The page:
To test the reliability of light emitting devices including the stabilized quantum dot composite described above, the microparticles and optical-grade polymeric encapsulant are applied to a LED as a slurry in a process analogous to that used for conventional down-converting phosphors.
The stability of the stabilized quantum dot composite is determined by monitoring the change in the wavelength of the emission from the luminescent semiconducting nanoparticles over time. As the semiconducting nanoparticles are damaged by oxygen or moisture, the emission peak position shifts towards shorter wavelengths. Therefore, the change in the emission wavelength over time can be an accurate and sensitive measure of the stability of the luminescent semiconducting nanoparticles, where smaller shifts indicate higher stability.
In one example, after 3360 h of LED operation at 85° C., the emission peak of a quantum dot composite comprising CdSe/CdS/SiOx semiconducting nanoparticles in a potassium silicate matrix shifted by only about 2 nm, as shown in
LEDs including the stabilized quantum dot composite (in this example, CdSe/CdS/SiOx semiconducting particles in a potassium silicate matrix) for down conversion show stable luminous flux output over 3360 h of operation, as shown by the data of
Additional data demonstrating enhanced color stability for the above-described stabilized quantum dot composite during high-temperature operating life (HTOL) conditions are shown in the plots of
Data from low temperature annealing experiments conducted at 300° C., 400° C., and 500° C. reveal that the stabilized quantum dot composite shows similar color stability at each annealing temperature, as can be seen in
Accordingly, the quantum dot composite may be employed in a light emitting device that exhibits improved color stability and/or QY performance compared to luminescent semiconducting nanoparticles that are not embedded in a matrix comprising an ionic metal oxide. Referring to
The stabilized quantum dot composite 700 may be employed in any of a number of configurations. For example, a coating on the LED chip may include the stabilized quantum dot composite 700, as illustrated in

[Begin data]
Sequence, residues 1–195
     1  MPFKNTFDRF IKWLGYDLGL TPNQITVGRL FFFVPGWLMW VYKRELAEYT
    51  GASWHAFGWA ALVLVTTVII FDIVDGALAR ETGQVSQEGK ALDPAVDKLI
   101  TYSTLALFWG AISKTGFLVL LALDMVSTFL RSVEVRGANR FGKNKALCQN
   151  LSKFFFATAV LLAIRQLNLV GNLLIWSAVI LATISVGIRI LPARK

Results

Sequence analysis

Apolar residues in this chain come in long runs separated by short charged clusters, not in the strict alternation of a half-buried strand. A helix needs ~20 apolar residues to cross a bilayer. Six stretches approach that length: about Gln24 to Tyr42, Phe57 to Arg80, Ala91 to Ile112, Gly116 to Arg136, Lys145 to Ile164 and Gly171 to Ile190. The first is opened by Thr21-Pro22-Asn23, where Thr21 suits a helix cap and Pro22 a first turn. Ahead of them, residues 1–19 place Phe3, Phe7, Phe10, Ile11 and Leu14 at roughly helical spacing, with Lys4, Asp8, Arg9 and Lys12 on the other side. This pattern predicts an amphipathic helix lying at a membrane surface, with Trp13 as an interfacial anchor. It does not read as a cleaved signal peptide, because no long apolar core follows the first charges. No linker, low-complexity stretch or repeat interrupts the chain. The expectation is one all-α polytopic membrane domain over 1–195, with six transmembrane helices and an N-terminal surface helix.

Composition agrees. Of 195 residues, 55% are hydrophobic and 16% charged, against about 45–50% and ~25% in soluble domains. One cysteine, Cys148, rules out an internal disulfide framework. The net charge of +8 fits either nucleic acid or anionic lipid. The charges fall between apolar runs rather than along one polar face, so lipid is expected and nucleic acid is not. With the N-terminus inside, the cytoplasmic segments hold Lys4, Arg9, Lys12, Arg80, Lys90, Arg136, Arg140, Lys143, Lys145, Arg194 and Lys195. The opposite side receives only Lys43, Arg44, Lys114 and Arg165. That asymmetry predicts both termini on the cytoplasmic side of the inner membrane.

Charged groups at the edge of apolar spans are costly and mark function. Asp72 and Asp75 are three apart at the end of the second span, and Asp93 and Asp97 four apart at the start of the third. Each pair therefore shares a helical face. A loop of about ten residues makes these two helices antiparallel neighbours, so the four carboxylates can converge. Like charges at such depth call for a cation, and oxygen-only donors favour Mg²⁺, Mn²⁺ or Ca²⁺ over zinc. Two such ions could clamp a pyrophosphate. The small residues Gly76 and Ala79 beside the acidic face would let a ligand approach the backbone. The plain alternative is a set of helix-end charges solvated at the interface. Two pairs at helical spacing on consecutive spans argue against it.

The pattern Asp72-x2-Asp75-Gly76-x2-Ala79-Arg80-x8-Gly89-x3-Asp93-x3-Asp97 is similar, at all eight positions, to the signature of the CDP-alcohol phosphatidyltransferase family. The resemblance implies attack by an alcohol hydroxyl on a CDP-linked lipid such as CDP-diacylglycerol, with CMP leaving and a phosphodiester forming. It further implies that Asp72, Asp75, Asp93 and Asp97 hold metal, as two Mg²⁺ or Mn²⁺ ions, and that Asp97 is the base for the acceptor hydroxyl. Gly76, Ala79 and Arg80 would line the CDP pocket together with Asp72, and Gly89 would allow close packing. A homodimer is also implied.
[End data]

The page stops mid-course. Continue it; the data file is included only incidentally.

The light emitting device may have any of a number of different packaging configurations. As is well known in the art, in order to use an LED chip in a circuit or other like arrangement, it is known to enclose the LED chip in a package to provide environmental and/or mechanical protection, color selection, light focusing and the like. An LED package may also include electrical leads, contacts or traces for electrically connecting the LED package to an external circuit.
A typical LED package 10 is illustrated in
Another conventional LED package 20 is illustrated in
Another exemplary LED package 30 is shown in
LED chips generally comprise one or more active layers of semiconductor material sandwiched between oppositely doped layers. When a bias is applied across the doped layers, holes and electrons are injected into the active layer where they recombine to generate light. Light is emitted from the active layer and from various surfaces of the LED. Light is emitted by the LED chip at a primary wavelength. The primary radiation may be absorbed by the wavelength conversion material (e.g., phosphor, stabilized quantum dot composite, etc.), which responsively emits light at secondary wavelength(s). The primary and/or secondary wavelengths of light can mix to produce a desired color of light. As would be understood by one of skill in the art, depending on the primary wavelength(s) and the amount of loading of the wavelength conversion material(s), as well as their light absorption/emission characteristics, various color temperatures of white light can be produced by the LEDs.
The LED chips shown schematically in
The LED components, packages and light emitting devices described above may be fabricated using methods known in the art, as described for example in U.S. Patent Application Publication No. 2012/0280261, entitled “Light Emitting Diode (LED) for Achieving an Asymmetric Light Output,” which is hereby incorporated by reference. In addition, the blue LED chips may be coated with the aforementioned stabilized quantum dot composite or phosphors using any suitable method, such as that described U.S. Patent Application Publication Nos. 2008/0179611 and 2008/0173884, both of which are entitled “Wafer Level Phosphor Coating Method and Devices Fabricated Utilizing Method,” and hereby incorporated by reference. As set forth in these patent publications, LED chips can be coated and/or sprayed by phosphors, the stabilized quantum dot composite (e.g., in the form of microparticles), and/or other wavelength conversion materials. The LED chips may also be coated using electrophoretic deposition (EPD), such as with the EPD method described in U.S. Pat. No. 8,563,339 to Tarsa et al., entitled “Closed Loop Electrophoretic Deposition of Semiconductor Devices,” which is hereby incorporated by reference.
The light emitting devices comprising the stabilized quantum dot composite described herein may have particular utility with respect to various form factor light fixtures. For example, each of the embodiments disclosed herein may be alternatively implemented in various types of solid state light fixtures including, for example, downlights, troffers, street lights, canopy lights, parking garage lights, lights that use waveguide technology and other lighting fixtures.